POSTED Tue. Oct 1, 2013
State of the Saints: Always go for it on 4th & 1.

The Saints were so good last night they shut down the government.

Seriously though, I think everyone was expecting a somewhat contentious game. The 3-0 Dolphins would have preferred the game to be a somewhat low scoring grinder. They are a defensive, run-first team that can win football games that are winnable by scoring 20-something points (namely, 23, 24 and 27 points in the first three weeks).

There were two problems with this approach. First, Drew Brees is unstoppable on Monday nights and he scores way more than 20-something points on such evenings. Second, the dolphins’ workmanlike offense swam straight into the Japanese tuna net of Rob Ryan’s defense.

The first drive was school yard pitch and catch from old Chargers chums Brees and Sproles, as Sproles tore off a huge 48 yard reception on the second play from scrimmage on the second play of the game that immediately unbalanced the Phins’ defense. Then Brees hit rookie Kenny Stills on a beautiful quick slant on third and short to set up an easy Sproles rushing TD.

The Phins first drive started off well, as Lamar Miller and Tannehill both tore off big runs to position themselves in the red zone. But this is where the Saints defense showed up. Following a time out forced by crowd noise and Rob Ryan mind games, the Saints stuffed Daniel Thomas on third and one for a two yard loss, causing the Phins to settle for a field goal.

After a quick three and out, the Phins got the ball back and a strange, momentum-swinging drive occurred. On a third and seven, Tannehill completed a screen to Miller for 6 yards that got a preferable spot, leading to a first down. Payton challenged this and the spot of the ball was reversed. Then Joe Philbin made a huge mistake, punting on fourth and one from the 44 yard line.

Statistically, one should always go for it on fourth and one, but this holds especially true when you’re at midfield. The subsequent punt was crappy and resulted in a touchback, neutralizing the field position-inspired reasoning behind the punt.

We wound up punting it back to them, but just as it seemed like Miami was getting a drive going, Lofton popped the ball out of Tannehill’s hands on a scramble. The resulting drive was when the game got out of hand, as Brees converted a huge third and twenty to Sproles, later capped off with the first of two Jimmy Graham touchdowns, this one a 27-yarder.

The following drive resulted in a Miami touchdown, after a big open field after-the-catch run by backup RB Michael Thigpen led them deep into Saints territory. Lamar Miller, the sole bright spot of the day for the Dolphins, scored the TD.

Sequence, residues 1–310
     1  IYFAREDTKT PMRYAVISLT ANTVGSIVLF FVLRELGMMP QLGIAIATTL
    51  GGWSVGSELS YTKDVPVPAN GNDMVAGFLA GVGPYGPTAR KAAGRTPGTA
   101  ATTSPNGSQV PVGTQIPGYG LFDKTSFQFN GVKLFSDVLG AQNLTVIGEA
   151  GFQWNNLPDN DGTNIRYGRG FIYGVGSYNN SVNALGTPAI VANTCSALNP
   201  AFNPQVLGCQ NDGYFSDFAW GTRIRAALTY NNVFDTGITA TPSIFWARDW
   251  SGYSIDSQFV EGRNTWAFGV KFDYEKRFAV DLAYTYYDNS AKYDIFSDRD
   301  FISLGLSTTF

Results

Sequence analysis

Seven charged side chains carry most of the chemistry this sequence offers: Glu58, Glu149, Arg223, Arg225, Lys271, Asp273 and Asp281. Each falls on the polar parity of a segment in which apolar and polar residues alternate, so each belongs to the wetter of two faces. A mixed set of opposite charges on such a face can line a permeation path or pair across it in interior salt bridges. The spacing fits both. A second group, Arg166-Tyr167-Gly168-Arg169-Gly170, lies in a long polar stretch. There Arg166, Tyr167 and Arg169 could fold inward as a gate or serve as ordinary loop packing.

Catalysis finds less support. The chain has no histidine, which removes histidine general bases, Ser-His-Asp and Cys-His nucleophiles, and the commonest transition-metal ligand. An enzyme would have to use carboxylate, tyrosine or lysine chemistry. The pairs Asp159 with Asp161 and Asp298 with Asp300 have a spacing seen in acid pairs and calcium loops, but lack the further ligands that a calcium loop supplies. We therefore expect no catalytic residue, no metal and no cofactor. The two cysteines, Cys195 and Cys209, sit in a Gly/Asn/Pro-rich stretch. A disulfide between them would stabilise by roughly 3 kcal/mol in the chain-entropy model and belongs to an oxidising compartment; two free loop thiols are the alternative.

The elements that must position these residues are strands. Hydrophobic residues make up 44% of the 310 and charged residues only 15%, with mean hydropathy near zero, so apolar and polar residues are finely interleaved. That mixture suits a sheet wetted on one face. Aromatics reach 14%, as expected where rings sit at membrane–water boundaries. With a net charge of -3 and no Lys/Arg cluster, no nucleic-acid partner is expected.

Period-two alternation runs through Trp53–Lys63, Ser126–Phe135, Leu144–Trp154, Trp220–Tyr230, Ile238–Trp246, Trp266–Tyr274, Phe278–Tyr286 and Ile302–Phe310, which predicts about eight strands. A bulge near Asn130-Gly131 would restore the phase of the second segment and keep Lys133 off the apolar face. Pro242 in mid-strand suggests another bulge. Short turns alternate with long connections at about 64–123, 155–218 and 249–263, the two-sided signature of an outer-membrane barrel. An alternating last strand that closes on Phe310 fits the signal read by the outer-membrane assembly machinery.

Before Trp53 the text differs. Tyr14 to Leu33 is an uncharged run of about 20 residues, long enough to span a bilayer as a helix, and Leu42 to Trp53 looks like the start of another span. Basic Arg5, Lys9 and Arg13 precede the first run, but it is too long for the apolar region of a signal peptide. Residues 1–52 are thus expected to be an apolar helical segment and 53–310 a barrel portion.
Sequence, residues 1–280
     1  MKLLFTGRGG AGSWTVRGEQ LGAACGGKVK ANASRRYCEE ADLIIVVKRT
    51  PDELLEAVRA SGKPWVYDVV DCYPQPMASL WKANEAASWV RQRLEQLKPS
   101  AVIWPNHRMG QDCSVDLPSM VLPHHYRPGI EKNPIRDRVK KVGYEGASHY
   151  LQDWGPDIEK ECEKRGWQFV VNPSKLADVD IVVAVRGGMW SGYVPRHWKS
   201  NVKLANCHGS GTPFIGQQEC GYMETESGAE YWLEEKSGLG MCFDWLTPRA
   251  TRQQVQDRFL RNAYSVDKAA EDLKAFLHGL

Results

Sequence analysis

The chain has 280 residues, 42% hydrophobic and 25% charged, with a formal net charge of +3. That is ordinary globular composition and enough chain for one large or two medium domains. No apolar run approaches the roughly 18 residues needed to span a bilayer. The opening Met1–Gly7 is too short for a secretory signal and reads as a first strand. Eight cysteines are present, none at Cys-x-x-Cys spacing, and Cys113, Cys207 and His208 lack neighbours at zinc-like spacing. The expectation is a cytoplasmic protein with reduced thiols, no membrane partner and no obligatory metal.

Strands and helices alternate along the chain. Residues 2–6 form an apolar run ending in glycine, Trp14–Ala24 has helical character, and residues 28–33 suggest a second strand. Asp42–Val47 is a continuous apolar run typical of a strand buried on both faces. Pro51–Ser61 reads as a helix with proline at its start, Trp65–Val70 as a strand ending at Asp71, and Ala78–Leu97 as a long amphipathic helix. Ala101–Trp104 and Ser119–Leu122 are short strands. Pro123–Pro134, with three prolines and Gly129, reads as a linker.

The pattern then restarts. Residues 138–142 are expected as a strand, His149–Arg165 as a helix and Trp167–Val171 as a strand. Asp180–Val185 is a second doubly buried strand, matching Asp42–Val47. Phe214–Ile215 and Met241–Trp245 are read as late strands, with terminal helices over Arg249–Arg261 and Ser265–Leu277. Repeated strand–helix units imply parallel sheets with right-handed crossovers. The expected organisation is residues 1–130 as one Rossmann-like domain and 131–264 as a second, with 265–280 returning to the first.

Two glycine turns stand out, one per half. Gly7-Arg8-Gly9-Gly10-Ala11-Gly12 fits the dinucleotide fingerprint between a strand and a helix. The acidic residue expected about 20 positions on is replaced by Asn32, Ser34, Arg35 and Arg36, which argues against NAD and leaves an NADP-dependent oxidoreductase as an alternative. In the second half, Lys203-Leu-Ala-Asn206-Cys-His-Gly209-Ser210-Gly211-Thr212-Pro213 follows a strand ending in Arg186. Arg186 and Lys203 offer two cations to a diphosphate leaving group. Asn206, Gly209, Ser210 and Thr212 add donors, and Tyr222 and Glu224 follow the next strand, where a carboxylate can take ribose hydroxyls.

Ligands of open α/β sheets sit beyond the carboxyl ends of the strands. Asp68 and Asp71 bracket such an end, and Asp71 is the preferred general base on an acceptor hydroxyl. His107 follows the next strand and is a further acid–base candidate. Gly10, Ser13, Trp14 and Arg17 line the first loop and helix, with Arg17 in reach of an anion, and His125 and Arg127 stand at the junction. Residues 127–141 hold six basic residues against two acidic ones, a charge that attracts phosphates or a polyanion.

The Saints quickly punted on their next go-round, but got the ball back three plays later by a huge Jabari Greer interception. New Orleans had 83 seconds to score before halftime. They needed 28 for Brees to hit Sproles for another TD. With 55 seconds left, what does Philbin do here? Why, kneel, of course! Who needs momentum going into halftime?

After halftime, the dolphins went three-and-out and punted to the Saints, who methodically advanced down the field on Brees’ arm and scored. The next possession was also a three-and-out, finished off by a Junior Galette sack. After the punt, the next play was a beautiful 43-yard touchdown to Graham. What was once a close game was now the most gruesome dolphin lambast since The Cove.

That’s why you go for it on fourth and one and why you don’t kneel away a minute of game clock before halftime. It cannot be overstated that momentum is everything in professional football.

By the magnanimity of Rob Ryan and Payton, the dolphins were allowed to score another touchdown. The rest of their drives resulted in interceptions, one by newly signed free agent Chris Carr, who we neglected to sign last year as we were busy breaking records.

Next week, we travel to face the Chicago Bears, who specialize in barely defeating shitty teams. Then we head to Foxboro to play the Patriots, who are good at narrowly winning contests against shitty teams.

These organizations are not nearly as good as their records would indicate. The Bears are a Cowboys-esque Jekyll and Hyde team, making them difficult to predict week-to-week. But the Saints on an above average week are better than the Bears on a good week. On the other hand, the injury-ravaged Patriots have been consistently mediocre this season, turning in their best game last weekend at the expense of the injury-ravaged Falcons. I think we got this.

As for the Miami Dolphins, the moral of the story is that you go for it on fourth and one. You go for the one-minute drill to try for at least three points before halftime, when the risks are hedged by the short clock. As we all learned in Super Bowl XLIV, sometimes the risk pays off and to the aggressor goes the spoils.

Image courtesy of the New Orleans Saints.

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